dct in Exeter, Devon

Personalised Commissioning in Adult Social Care

This report looks at the practical challenges and opportunities associated with implementing personalised commissioning given the current financial environment and the extension of personal budgets into healthcare. It covers only social care that is fully or partly paid for by authorities.

Commissioning adult social care services through personal budgets and direct payments is an important way of giving care users more choice and control over their services. When implemented well they can improve users’ quality of life.

Local authorities spent £6.3 billion on long-term community care in 2014-15. Around 500,000 adults in England received personal budgets in 2014-15, varying between 10% and 100% of users across authorities. The Care Act made personal budgets mandatory for all eligible users from April 2015. The Department is extending personal budgets in healthcare and has an ambition that between 50,000 and 100,000 people will have a personal health budget by 2020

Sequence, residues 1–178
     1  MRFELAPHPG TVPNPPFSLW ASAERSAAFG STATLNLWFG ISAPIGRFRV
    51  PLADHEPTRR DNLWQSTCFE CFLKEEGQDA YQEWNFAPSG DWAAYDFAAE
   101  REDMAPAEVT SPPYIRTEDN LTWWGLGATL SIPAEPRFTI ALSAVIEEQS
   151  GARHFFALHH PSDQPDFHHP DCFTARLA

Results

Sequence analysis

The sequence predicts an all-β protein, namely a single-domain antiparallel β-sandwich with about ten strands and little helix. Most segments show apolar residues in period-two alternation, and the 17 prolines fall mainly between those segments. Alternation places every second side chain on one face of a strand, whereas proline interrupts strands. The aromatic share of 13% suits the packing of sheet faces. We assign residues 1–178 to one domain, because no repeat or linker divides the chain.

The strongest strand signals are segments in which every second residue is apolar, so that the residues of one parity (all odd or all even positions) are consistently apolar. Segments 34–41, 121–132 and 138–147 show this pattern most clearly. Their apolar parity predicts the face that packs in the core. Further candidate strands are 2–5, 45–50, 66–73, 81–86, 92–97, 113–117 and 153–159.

The NAO found that some authorities have transformed their care and support processes to ration their resources fairly, share information about a broad range of local services, and monitor and manage spending on personal budgets efficiently, while others are finding personalising commissioning a challenge as they seek to save money, and are constrained in how they can personalise care by the need to reduce overall spending.

There are circumstances under which personalised commissioning can reduce the costs of care. For example, around 120,000 users with direct payments employ personal assistants to provide personal care, which is generally a cheaper option than homecare. The Care Act guidance, however, acknowledges that responding to users’ needs and their desired outcomes can increase the cost of care. The Department expects the value-for-money of personalised commissioning to come from improved outcomes for users, not necessarily from savings, which differs from local authorities’ expectations that savings can be made by personalising care.